Finals week is a campus-wide pity party. I feel like every conversation I pop in on is a competition for the most grueling schedule, which major is hardest and who “can’t even” more.
It’s fun to partake in the self-indulgent complaining, in part because the rest of the fall semester is – to put it bluntly – incredibly fun. It’s like we’re all walking around thinking, Great, now I actually have to focus for an extended period of time without the promise of a football game at the end.
Don’t get me wrong, finals week can be really exhausting. Several tests and assignments compounded by the inescapable procrastination trait that we all seem to be plagued with, and you’ve got yourself a sleep-deprived, complaint-riddled existence.
But as I was laying in my bed in a post-finals comatose last night, I realized how astoundingly lucky we are.
I don’t care what you do (or don’t) believe in, it’s an indisputable fact that the college-aged kids living in the United States of America in the 21st century may be the luckiest generation in the history of mankind.
Before you scoff and head back to Facebook to stalk your ex-boyfriend, think about it for a minute. Being a citizen of the United States in any time period is just short of miraculous, but being in the socioeconomic class that gets to go to COLLEGE, too? Only 40 percent of Americans have a college degree, which is more than five times the world population at a mere seven percent.
Just by nature of our citizenship and impending college degrees, we’re already an incredibly elite group. And I don’t know about you, but aside from making good grades in high school, I didn’t do a whole lot to deserve my fate.
You and I are both card-holding members of what I like to call “The Lucky Sperm Club.” Your soul just so happened to be born into a financially capable family in the greatest country in the history of the world during its apex. I can’t even begin to do the math for the probability there (partly because I’m a public relations and international studies major — sorry).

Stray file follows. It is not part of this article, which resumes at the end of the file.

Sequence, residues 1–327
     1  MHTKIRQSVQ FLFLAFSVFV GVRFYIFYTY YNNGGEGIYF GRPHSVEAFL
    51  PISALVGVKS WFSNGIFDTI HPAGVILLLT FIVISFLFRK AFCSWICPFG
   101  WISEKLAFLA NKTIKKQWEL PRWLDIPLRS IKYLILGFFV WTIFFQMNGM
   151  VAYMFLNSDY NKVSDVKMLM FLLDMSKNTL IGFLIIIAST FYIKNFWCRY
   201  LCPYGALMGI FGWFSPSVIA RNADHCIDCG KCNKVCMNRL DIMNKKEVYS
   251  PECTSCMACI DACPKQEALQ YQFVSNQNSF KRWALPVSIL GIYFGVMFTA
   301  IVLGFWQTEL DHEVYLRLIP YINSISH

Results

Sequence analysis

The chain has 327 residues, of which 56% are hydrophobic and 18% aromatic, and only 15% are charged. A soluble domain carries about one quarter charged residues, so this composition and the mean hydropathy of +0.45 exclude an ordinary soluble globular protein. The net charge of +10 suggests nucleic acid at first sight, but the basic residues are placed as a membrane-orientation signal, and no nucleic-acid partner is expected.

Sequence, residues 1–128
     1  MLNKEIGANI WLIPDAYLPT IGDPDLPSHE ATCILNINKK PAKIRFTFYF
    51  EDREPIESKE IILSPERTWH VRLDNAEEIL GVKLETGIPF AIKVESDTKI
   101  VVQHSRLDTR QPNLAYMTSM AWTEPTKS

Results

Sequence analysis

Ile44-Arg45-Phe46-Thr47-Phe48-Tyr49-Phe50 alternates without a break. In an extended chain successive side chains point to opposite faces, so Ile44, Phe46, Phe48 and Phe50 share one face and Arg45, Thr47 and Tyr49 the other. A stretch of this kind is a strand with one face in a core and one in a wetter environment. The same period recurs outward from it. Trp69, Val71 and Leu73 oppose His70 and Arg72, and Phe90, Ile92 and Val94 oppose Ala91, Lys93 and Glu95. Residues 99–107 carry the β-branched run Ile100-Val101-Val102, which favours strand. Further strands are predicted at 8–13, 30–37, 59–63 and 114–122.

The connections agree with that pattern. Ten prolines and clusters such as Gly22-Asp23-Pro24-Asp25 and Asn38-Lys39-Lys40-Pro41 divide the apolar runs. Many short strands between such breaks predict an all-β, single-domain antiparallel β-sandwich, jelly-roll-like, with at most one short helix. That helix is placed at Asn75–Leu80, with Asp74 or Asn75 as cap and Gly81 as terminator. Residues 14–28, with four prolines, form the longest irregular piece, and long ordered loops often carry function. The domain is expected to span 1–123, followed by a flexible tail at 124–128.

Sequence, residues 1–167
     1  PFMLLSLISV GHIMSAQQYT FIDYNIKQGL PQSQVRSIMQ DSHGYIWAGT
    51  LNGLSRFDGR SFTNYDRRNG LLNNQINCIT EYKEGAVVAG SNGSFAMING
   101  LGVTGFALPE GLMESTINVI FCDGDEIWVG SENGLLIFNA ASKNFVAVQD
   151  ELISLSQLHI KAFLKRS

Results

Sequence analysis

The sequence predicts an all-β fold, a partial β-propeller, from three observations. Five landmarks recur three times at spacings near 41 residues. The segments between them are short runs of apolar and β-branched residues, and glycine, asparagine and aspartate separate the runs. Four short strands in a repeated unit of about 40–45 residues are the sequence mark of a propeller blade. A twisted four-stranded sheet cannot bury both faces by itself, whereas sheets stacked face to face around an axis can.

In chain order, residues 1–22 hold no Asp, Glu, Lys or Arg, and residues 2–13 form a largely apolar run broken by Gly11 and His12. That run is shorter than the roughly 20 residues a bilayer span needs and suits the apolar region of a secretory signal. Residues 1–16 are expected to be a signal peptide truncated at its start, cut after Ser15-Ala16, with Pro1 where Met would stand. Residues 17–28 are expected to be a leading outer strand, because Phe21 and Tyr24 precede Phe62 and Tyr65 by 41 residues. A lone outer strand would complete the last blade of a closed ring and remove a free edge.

The bottom line is, we can complain about papers and exams all we want — but the fact that our reality is a ‘world’ in which we literally spend all of our time pursuing our interests is basically unheard of everywhere else.
Education is a really strange, phenomenal thing. Beyond the means to a lucrative career, education is really just structured (and expensive) self-improvement. For four years (or even longer, if you want to), you get to spend between 12 and 18 hours a week making yourself more intelligent. I don’t know if I’m just nerdy, but I think that’s really cool.
And the other 150 hours in that week? You can spend them with whomever you want, doing whatever you want and becoming whatever you want — all by nature of your status as a college student. That’s what I call #blessed.
You may be finally finished with finals week or just now embarking, but gratitude for the opportunity to explore your talents and demonstrate your ability makes the long nights just a little bit easier.
The fine print: